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Old 07-24-2011, 01:33 AM
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Quote:
Originally Posted by kevin View Post
Not being rated for what uses? Having an established lock that was lost because of a planet collapsing under her?

The transporter system in the film generally operates in the same way that it did in TOS (although if one wants to complain about it's lack of ability compared to TOS itself one could always point out that the Abrams film takes place 8 years before TOS and so therefore actually legitimately could be an inferior system 'in-universe' that was later improved upon as it evolved) when people were being transported in the same way that we almost always saw them do.

Standing still and being stationary through the transport cycle.

In ST09 the two times it proved that it was more difficult, and highlighted that the system had limitations was when the person was in essential freefall (or where the lock that had previously been held on Amanda was lost because her position suddenly shifted thanks to the ground collapsing under her - losing a transporter lock or finding it difficult to establish a lock in the first place is not a new phenomenon in the field of transporting and it's the lock that's most important. Establishing it, keeping it.) or at least NOT standing or being motionless somewhere from the site they were being transported out from.

It's simply not the preferable method of 'safe' transport using the system.

The fact that this sort of falling is harder to lock onto is reasonably fine to accept and not particularly disproven by anything in TOS or later series because (certainly in TOS) I don't believe there was ever a time that they tried to beam anyone out in such circumstances.

Chekov's intervention in the matter only shows that it is something that is hard to do and sometimes doesn't work out, because of the limitations of the system and humans. Neither of which are ever infallible 100%. But sometimes restoration of the human factor might be able to do something. The fact that he was successful once and not twice reinforces that it's difficult but it is not in any way wildly inconsistent - it would be analagous to the season 3 episode of TNG 'Booby Trap' where Geordi and Leah Brahms compute the course corrections the Enterprise would need to make in order to escape from the trap, and when they run the simulation with exactly the same computer changes the ship simulates escaping one time, and yet doesn't on the second - despite doing the exact same thing. It ends up being human intervention that gets the ship out, not the high-falutin' computers.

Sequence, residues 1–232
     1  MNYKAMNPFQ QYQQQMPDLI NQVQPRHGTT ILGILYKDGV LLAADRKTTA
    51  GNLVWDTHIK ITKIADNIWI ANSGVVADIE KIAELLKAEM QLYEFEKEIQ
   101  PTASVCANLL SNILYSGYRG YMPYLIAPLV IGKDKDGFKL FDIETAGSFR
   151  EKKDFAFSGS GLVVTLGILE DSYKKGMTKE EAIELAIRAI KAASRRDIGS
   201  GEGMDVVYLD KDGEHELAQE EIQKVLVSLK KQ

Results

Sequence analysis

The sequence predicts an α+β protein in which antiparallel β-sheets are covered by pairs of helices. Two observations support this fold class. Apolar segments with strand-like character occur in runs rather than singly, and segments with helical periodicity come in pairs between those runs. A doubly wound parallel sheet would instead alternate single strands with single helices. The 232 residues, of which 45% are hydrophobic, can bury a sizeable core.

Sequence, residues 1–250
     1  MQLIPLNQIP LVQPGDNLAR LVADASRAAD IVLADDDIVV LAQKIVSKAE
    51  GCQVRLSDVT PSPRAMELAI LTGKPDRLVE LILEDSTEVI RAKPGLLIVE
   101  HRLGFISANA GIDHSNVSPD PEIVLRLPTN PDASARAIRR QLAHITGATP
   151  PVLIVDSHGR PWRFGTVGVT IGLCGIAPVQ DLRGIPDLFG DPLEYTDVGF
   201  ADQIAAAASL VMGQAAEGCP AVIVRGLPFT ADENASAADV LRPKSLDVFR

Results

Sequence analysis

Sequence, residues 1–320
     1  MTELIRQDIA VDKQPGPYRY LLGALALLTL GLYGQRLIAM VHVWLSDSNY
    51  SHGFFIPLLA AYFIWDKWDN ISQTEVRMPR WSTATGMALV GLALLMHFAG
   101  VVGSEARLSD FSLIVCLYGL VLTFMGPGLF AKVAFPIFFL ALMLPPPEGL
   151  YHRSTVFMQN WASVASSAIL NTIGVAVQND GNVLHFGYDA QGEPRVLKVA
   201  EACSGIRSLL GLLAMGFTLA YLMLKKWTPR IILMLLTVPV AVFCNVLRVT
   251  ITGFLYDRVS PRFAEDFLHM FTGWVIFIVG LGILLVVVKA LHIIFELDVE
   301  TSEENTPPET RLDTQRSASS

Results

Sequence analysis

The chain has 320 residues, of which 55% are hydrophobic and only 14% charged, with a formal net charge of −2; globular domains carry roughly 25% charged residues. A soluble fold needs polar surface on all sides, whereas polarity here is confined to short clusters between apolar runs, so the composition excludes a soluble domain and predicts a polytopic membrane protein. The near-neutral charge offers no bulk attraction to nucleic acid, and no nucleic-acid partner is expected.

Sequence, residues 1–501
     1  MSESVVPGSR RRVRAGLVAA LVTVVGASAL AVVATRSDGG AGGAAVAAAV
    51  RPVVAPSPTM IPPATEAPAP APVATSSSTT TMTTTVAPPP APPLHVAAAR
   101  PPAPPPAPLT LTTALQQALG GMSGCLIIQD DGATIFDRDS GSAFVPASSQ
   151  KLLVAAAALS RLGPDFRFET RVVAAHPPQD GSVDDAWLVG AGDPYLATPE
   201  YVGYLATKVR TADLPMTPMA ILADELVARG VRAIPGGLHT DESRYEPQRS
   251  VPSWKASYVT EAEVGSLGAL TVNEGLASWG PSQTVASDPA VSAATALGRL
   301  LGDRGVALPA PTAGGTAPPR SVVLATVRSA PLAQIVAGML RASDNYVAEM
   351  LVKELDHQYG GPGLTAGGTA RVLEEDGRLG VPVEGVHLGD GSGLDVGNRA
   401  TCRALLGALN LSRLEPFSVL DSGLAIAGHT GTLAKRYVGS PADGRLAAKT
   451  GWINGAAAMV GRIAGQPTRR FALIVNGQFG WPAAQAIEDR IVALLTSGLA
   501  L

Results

Or even trying to make a shot from 100 feet away from the hoop. Sometimes, yep - sometimes nope.

Group transports and transports from shuttles were seen in obviously seen in TOS several times (Scotty only points out that doing it from multiple locations to one pad simultaneously is something that had not been tried before, because it was difficult - which again since we rarely saw it in Trek before would seem consistent, and it helps make him 'the miracle worker' anyway) as well, so in principle I don't think there's anything wrong or especially grievous with the ST09 issues either.
I agree. When Kirk and Sulu fell Chekov had time whereas when Chekov tried to get a second lock on Amanda there was a lot of blinking on his console so the gravitation was too strong and/or the rocks which inhibited beaming made it hard to get a second lock.
There was really enough techywacky in the movie to explain it. They made more of a fuss about it than usually. At least I don't remember that the first time people were beamed without having firm ground beneath their feet required any tech-xplanation. Not to mention the numerous times when people were beamed through shields or whatever.
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